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People v. Thornton

OPINION FILED MAY 12, 1978.

THE PEOPLE OF THE STATE OF ILLINOIS, PLAINTIFF-APPELLEE,

v.

DUIL THORNTON, DEFENDANT-APPELLANT.



APPEAL from the Circuit Court of St. Clair County; the Hon. ROBERT L. GAGEN, Judge, presiding.

MR. PRESIDING JUSTICE EBERSPACHER DELIVERED THE OPINION OF THE COURT:

Defendant, Duil Thornton, brings this appeal from the judgment entered by the circuit court of St. Clair County following a bench trial, finding defendant guilty of the offense of armed robbery and sentencing him to a term of eight to 24 years' imprisonment. On appeal defendant raises the following issues: (1) whether he expressly and understandingly waived his right to a jury trial; (2) whether he was proven guilty beyond a reasonable doubt; (3) whether the trial court erred in refusing an offer of proof that defendant had no reputation for carrying or using a gun or for using or threatening the use of force; and (4) whether the sentence imposed is excessive. Additionally, with regard to the first issue, we must consider a motion by the State to amend the record to show a waiver of jury trial.

The instant charge stems from the March 14, 1975, armed robbery of Robert Schmitt, the manager of the Tri-City Grocery Store. At trial Schmitt testified that on the morning of the crime, he saw a man walking around the back of the store with no shopping cart and no items in his hands. Around 20 minutes later, this same man called to Schmitt and asked for help in choosing shaving lotion. He was, however, not looking at shaving lotion but rather, the man was pointing to alcohol. Schmitt and the man were standing near the store's office at this time. The man again requested help from Schmitt but as Schmitt approached him, he pulled out a gun and demanded money. Schmitt filled a box with cash from the office and gave it to the man who then left. At trial, Schmitt positively identified defendant as the man who robbed him. He testified that the lights in the store were bright and that during the crime he had observed defendant face-to-face and from as close as one foot from defendant. He described defendant as "shabby," being unshaven, smelling of alcohol and having no teeth. He stated that defendant wore a black and orange cap over gray hair, a black and red plaid jacket and jeans.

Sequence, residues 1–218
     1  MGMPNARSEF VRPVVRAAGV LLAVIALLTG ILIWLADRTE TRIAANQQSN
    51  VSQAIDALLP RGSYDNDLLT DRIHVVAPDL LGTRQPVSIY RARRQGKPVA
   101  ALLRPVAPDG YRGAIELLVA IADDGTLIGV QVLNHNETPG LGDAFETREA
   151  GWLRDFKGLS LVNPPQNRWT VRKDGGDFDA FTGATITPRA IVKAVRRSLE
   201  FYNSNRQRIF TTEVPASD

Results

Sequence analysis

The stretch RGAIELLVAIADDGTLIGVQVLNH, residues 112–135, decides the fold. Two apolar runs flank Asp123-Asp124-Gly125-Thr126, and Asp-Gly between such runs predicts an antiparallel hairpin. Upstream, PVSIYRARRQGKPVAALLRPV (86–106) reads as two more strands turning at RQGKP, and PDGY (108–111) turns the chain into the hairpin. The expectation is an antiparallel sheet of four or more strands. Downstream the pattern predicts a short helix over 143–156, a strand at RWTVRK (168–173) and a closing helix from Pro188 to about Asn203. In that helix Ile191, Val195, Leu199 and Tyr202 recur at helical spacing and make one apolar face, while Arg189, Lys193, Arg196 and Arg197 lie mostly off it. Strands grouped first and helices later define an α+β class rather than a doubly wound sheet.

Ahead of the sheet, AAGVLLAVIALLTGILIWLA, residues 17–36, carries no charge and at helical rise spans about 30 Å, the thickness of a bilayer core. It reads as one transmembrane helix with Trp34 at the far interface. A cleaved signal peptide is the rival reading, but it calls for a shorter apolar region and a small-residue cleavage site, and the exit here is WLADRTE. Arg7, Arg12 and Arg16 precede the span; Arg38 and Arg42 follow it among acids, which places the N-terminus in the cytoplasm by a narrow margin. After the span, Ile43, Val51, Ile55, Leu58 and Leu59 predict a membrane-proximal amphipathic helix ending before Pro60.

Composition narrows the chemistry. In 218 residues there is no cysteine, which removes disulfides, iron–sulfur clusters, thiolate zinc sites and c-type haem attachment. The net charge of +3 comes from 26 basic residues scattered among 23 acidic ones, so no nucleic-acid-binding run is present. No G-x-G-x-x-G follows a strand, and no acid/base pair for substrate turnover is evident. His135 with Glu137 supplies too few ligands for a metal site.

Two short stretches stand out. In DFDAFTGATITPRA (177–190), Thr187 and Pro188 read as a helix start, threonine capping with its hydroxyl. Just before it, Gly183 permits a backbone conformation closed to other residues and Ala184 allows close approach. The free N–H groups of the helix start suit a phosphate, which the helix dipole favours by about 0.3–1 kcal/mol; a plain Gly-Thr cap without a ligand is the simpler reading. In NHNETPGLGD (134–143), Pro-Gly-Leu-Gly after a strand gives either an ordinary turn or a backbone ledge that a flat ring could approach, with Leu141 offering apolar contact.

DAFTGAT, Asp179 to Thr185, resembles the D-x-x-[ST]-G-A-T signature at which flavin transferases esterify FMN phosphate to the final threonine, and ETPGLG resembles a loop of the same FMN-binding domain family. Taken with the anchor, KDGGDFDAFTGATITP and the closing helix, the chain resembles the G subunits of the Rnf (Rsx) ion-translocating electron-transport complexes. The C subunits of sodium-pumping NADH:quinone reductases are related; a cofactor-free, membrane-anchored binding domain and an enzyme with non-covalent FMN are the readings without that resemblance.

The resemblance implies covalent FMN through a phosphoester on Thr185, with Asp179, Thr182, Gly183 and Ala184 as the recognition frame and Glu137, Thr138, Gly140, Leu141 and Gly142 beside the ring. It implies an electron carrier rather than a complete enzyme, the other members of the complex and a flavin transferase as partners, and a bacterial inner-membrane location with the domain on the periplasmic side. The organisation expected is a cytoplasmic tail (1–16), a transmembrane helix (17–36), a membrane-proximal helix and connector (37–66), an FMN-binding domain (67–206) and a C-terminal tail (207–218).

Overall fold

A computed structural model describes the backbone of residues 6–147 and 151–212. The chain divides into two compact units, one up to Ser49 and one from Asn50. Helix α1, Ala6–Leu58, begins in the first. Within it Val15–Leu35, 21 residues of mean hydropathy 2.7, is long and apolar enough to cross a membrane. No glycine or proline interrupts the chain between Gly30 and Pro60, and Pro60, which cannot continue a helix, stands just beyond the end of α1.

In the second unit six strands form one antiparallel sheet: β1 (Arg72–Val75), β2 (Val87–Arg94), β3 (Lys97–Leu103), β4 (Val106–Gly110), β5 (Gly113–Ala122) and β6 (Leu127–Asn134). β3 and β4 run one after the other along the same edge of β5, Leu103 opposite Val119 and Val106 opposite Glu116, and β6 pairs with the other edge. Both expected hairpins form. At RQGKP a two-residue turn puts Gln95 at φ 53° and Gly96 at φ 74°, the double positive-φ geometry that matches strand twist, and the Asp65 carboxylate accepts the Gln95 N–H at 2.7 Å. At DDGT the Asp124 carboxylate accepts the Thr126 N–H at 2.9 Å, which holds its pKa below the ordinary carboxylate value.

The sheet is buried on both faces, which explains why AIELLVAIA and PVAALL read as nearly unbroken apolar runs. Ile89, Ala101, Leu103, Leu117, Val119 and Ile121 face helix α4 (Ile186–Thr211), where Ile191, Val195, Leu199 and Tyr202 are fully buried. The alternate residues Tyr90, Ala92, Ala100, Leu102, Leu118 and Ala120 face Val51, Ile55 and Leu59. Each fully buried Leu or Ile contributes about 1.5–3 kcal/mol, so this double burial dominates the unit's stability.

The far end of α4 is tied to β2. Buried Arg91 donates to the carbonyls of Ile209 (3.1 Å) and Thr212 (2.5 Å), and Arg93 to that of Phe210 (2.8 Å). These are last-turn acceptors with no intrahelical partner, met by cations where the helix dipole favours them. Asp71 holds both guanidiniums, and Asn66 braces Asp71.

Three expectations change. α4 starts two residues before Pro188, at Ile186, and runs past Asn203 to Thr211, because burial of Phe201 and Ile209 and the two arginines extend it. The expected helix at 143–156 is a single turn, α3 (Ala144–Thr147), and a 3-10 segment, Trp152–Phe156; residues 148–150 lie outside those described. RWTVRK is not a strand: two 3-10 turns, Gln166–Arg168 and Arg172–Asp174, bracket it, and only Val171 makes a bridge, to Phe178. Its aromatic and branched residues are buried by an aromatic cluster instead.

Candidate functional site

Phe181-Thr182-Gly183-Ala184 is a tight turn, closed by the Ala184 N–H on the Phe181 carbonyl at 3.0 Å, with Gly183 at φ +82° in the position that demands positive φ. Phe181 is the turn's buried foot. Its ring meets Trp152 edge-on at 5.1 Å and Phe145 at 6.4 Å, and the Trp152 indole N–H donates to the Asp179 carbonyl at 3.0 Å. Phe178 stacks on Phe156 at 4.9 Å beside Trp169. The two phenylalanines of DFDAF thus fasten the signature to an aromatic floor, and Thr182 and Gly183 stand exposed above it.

Roland Davis next testified that he worked in the grocery store and that on the morning of the crime, he saw defendant who approached him and inquired about getting a job. He gave a similar description of defendant as that given by Schmitt. Davis further stated that 15 or 20 minutes after he saw defendant, he learned that the robbery had just occurred.

Martha Harvell testified that at the time of the crime she was shopping in the store. She stated that just before the robbery, she had seen defendant on three occasions at various locations in the store. Her attention was drawn to defendant because she felt that he was acting suspicious in that he was continually looking at the store's office and he was apparently not shopping. Her description of defendant was also similar to that given by Schmitt.

The State's evidence further showed that six days after the crime, Schmitt, Davis and Harvell each separately identified defendant, as the man who had committed the crime, by choosing his photograph from a group of 10 photographs.